Preaching about the Incarnate Word is central to Dominican spirituality

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“If you want to be a Dominican, you need to start attending Mass every day.”

When I attended a Dominican vocation weekend, this advice was given to me at least a dozen times. On one level, it made all the sense in the world to me: If I want to be a priest, I should go to Mass. On another level, it seemed odd, because Dominicans do not have a particular claim to the graces of the Eucharist.

I was left to ponder in my prayer and discernment what special role the Eucharist plays in the vocation of a Dominican friar.

Father Patrick Hyde
Father Patrick Hyde

In most religious communities, the spirituality of the founder plays a unique role in the ongoing life of the community and a means by which those attracted to a particular community discern. For instance, the Spiritual Exercises and spiritual practices of St. Ignatius of Loyola are a great means to discern becoming a Jesuit. St. Francis of Assisi lived an austere life in solidarity with the poor. Consequently, living a simple life in solidarity with the poor and marginalized is a great way to discern being a Franciscan.

For us Dominicans, the personality and spirituality of St. Dominic do not take as central of a role in our lives. Yes, he was a preacher of grace and truth. He lived the evangelical counsels, loved the brethren and immersed himself in the word of God. What he left us, then, was not his own spirituality. He left his sons and daughters a way of life that always pointed the brothers to our mission — preaching for the salvation of souls — our common life, and the Incarnate Word, Jesus Christ.

For St. Dominic (and subsequent Dominicans), our life and ministry became not so much the manifestation of the particular spirituality of one person. Rather, Dominican life is about continual conversion through grace. Our primary sources of grace are God’s word and the sacraments. Therefore, as Dominicans, we immerse our lives in the word of God and in the sacraments so that we can be renewed constantly by the superabundant graces that flow from these sources.

Because the Eucharist is the source and summit of the Christian life, the Dominican life of grace and virtue requires the Eucharist, both our fruitful and faithful celebration of the Eucharistic liturgy and our continual meditation on the graces and mysteries flowing forth from the Eucharist.

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St. Dominic, for instance, was known to spend his days preaching and teaching the truth, with his evenings spent in the chapel praying and staying close to the Eucharist.

Our brother, St. Thomas Aquinas, combined a brilliant mind with outstanding piety. He was able to write some of the best explications of Eucharistic doctrine while writing poetic prayers and hymns in honor of the Eucharist. He was also known to celebrate a private Mass and attend the community Mass daily, often celebrating or praying through tears.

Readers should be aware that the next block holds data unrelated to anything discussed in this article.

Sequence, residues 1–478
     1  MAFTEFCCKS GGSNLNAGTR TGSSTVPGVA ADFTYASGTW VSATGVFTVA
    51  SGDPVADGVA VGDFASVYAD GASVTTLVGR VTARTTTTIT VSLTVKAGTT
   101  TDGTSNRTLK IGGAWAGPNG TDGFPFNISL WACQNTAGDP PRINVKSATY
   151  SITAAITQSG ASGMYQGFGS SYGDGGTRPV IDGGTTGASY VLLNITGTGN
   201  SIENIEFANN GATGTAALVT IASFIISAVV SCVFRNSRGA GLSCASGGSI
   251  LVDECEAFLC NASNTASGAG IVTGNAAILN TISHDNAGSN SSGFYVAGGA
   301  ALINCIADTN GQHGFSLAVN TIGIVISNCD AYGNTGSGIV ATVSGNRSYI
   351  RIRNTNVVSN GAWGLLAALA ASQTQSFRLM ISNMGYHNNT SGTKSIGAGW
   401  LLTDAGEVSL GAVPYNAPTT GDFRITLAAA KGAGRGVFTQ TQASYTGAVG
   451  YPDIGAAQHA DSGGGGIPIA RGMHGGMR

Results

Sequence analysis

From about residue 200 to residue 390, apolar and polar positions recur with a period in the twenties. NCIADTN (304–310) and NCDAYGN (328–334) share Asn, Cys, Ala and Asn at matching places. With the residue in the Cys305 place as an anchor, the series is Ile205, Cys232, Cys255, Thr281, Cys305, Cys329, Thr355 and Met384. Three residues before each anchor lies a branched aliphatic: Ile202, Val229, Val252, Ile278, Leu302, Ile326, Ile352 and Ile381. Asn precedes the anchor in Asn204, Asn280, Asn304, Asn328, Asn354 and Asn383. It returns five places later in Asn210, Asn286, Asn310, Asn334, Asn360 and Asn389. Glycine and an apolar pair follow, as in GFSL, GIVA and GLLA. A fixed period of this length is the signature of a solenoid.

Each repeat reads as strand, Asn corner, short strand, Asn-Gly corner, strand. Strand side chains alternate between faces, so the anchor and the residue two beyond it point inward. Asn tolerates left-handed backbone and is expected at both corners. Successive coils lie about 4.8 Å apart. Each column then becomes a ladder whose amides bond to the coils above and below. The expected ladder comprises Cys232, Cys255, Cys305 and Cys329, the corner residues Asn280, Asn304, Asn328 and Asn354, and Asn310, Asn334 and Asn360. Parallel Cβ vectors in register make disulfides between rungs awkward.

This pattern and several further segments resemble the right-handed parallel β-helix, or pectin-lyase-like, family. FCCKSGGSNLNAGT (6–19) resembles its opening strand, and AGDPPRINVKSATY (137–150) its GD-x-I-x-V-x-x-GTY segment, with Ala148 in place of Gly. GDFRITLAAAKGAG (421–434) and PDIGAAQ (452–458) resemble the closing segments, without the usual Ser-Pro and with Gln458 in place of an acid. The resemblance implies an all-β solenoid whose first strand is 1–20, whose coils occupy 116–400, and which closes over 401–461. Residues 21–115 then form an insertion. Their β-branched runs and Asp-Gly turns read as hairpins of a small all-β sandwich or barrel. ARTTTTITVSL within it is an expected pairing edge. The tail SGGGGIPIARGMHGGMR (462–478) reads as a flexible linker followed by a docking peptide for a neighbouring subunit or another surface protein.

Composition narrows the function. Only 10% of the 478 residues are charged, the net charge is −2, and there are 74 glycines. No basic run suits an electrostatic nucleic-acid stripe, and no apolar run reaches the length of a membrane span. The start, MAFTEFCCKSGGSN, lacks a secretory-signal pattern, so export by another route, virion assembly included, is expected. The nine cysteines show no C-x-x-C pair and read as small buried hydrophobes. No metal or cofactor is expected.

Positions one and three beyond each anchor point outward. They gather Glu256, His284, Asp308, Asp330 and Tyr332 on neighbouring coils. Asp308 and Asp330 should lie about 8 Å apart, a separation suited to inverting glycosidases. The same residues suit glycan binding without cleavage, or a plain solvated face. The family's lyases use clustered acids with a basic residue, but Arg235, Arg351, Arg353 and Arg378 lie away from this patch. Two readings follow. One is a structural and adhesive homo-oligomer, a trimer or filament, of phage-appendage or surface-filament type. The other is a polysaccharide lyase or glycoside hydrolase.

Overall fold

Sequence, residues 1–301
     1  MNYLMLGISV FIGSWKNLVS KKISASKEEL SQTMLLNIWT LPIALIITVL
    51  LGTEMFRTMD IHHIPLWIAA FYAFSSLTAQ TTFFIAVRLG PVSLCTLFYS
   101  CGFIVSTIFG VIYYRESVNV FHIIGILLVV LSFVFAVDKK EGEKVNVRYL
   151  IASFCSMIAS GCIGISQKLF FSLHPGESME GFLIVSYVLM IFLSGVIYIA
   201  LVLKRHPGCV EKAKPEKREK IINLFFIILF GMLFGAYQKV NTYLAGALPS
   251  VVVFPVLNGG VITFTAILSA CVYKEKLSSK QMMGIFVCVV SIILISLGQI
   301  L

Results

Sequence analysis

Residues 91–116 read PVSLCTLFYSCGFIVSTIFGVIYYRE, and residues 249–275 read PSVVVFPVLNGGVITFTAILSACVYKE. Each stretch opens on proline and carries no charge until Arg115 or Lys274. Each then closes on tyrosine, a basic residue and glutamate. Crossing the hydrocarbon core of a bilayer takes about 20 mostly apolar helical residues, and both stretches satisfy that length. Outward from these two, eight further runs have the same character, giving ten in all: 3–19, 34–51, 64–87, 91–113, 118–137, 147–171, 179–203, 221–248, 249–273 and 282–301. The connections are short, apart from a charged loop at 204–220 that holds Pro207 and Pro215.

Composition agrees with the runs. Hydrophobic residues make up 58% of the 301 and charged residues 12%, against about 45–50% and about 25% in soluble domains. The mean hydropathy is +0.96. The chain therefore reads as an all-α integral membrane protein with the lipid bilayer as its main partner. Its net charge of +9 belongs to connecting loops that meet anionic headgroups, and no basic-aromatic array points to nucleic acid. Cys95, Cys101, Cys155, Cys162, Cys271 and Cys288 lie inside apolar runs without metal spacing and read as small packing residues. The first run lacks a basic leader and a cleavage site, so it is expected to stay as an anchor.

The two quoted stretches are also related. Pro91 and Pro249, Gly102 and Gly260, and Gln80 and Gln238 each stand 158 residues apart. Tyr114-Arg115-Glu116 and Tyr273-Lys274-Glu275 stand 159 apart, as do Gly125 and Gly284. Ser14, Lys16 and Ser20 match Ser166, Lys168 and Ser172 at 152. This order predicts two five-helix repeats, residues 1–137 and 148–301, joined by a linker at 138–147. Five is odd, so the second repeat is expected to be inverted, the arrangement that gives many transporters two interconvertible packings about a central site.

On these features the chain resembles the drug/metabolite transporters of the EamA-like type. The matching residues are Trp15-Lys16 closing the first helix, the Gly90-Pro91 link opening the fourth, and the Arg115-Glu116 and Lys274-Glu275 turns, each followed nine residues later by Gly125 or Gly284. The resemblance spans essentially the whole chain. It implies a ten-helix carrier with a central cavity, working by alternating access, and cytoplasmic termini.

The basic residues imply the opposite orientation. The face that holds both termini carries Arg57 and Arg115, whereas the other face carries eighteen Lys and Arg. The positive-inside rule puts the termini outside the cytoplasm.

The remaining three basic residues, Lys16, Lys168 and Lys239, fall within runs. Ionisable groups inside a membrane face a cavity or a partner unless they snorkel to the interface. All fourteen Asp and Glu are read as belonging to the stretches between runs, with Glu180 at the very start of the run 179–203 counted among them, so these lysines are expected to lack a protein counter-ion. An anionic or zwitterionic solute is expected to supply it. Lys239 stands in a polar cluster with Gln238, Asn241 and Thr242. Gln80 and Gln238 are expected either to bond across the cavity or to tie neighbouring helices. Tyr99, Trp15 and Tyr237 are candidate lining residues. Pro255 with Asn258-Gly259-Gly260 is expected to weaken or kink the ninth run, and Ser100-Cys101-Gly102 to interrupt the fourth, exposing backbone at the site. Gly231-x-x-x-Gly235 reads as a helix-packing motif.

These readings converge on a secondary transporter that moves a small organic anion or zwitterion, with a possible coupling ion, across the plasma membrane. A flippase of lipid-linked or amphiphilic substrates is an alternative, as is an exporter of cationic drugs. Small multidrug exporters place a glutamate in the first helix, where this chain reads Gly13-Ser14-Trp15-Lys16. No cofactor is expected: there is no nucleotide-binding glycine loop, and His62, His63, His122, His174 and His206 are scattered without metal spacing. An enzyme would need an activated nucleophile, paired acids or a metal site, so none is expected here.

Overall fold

In the life of a friar preacher, the Eucharist, therefore, is the source of the graces we receive for the study and preaching of the word of God. In order to share fruitfully and faithfully the word of God through our preaching, our lives must be fed and nourished daily by the Eucharist. Additionally, the Eucharist, because it is the body, blood, soul and divinity of Jesus, serves as the end toward which all of our study and preaching leads.

Put simply, the Eucharist provides our life and our mission a purpose and a fundamental orientation. We live this life not simply to grow in holiness but also to preach clearly and effectively the Good News.

In the Fundamental Constitution of our order, we are told: “We do our best to live of one accord the common life, observing faithfully the celebration of the liturgy, especially the Eucharist and the divine office, diligent in study and constant in regular observance. Not only do these things contribute to the glory of God and our sanctification, they also bear directly on the salvation of humankind, since together they prepare and impel us to preach; they give our preaching its character, and in turn, are influenced by it.”

One of the most beautiful aspects of the Mass is its simple, awesome power. One Mass, one faithful reception of holy Communion, has the power to change our lives completely. Transformed by the graces of the Eucharist, our hearts, minds and bodies become vessels of grace. Every moment is filled with boundless opportunities to share those graces.

God’s love for us is such that all of the faithful have this opportunity. God’s love for us Dominicans is such that our entire lives are dedicated to the mystery of incarnating and preaching these particular graces. And it all starts with a simple “yes” to attending Mass.

Father Patrick Hyde is a member of the Dominican Order. He serves as a chaplain at the St. Paul Catholic Center at Indiana University in Bloomington, Indiana.

Father Patrick Hyde

Father Patrick Hyde, OP, is pastor of St. Paul Catholic Center in Bloomington, Indiana.